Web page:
In January 2008, a Filipino-Chinese and Japanese businessman decided to put up a Japanes Izakaya restaurant that specialized in authentic yakiniku. They wanted patrons to feel like "They're eating in Japan."
In January 2008, a Filipino-Chinese and Japanese businessman decided to put up a Japanese Izakaya restaurant that specialized in authentic yakiniku. They wanted patrons to feel like "You are eating in Japan." Thus, Tajimaya Yakinuku was created.
From the highest quality Japanese "Wagyu" Beef, US Prime Beef, and US Wagyu that they cook in a smoke-free charcoal grill right down to the sauce, everything they say is meticulously prepared and cannot be copied by other Yakiniku restaurants.
The restaurant's interior is designed to look sparse, comfortable, and clean. The kitchen equipment are imported from Japan.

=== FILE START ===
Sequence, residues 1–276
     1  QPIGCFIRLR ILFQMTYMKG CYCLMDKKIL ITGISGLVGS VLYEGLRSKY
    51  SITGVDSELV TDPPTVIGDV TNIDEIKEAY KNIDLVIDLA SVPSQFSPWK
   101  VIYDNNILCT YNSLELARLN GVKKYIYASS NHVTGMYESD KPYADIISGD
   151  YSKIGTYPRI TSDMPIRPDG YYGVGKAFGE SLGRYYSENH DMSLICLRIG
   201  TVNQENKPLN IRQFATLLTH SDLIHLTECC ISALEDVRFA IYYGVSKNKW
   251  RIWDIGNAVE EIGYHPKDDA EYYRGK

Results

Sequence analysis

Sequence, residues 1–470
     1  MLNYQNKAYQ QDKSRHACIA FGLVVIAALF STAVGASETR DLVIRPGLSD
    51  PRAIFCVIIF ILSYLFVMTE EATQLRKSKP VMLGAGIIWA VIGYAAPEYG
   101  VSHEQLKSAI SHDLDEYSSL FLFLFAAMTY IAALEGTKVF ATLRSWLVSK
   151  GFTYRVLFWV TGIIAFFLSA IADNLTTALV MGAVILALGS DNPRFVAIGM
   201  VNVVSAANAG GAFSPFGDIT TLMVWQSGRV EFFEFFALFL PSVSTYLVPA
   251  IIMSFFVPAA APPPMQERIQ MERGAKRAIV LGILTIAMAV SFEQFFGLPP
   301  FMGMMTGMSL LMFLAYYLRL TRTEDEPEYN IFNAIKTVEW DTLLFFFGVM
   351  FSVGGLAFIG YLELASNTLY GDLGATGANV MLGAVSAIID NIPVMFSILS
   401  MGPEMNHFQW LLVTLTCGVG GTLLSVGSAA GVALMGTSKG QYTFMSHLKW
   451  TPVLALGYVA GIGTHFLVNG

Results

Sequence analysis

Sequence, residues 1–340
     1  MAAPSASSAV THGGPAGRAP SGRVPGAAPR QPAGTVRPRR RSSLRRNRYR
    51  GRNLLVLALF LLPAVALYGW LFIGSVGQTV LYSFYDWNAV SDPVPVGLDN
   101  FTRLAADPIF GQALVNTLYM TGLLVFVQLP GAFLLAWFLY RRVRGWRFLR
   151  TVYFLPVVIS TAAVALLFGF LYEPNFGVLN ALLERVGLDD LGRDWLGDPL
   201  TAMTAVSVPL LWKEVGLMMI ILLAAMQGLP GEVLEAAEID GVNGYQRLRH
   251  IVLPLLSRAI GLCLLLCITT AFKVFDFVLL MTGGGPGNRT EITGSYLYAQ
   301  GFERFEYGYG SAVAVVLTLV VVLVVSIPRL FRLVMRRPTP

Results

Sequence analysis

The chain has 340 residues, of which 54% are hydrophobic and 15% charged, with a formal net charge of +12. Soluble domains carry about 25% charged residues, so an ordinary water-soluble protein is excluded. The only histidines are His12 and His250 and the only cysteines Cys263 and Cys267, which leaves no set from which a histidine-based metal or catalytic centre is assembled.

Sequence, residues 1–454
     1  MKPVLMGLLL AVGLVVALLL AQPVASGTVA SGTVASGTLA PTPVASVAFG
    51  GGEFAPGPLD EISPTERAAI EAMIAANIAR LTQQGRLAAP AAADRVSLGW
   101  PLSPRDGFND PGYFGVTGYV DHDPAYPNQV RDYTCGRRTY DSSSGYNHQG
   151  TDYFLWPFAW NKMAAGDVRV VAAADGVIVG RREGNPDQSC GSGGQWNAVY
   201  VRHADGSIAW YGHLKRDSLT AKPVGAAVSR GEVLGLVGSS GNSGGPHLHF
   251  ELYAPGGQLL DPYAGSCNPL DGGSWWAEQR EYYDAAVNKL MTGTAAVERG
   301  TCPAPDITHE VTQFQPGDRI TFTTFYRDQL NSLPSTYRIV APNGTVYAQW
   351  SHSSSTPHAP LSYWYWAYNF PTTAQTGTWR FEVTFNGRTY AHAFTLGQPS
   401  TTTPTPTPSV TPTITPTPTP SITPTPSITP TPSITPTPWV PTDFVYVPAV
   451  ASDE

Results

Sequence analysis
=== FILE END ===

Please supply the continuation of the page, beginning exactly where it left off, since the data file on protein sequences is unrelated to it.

Since I would recommend all the dishes in Tajimaya, I decided to give a short "How to Yakiniku", as years of dining this way has taught me the best style to get the full-flavor from the meat.
1. When the ordered meat is served, start grilling the the salt-flavored meat first.
Tajimaya specializes in Jou Gyutan (Seasoned Beef Tongue).
2. When the meat juice rises to the surface of the meat, it's time to turn it over.
3. During this time, 70% of the meat is already cooked. Grill lightly after turning over and serve immediately.
The Karubi or Horumon should be grilled longer than Sirloin or Pork loin, which is best eaten medium rare.
4. Freshly grilled meat should be eaten right away. Season with lemon or sauce to taste.
Salt-flavored meat should be seasoned with lemon. Other kinds of meat are best eaten with rice or kimchi-wrapped in Sanchu (lettuce) or Korean laver (nori/dried seaweed).
Since opening in 2008, they've put up four other branches, two in the Philippines, and two in Japan. In every branch, they promise consistency in taste. Do you agree? How does Tajimaya fare in Manila? Is it as good as the one in Cebu?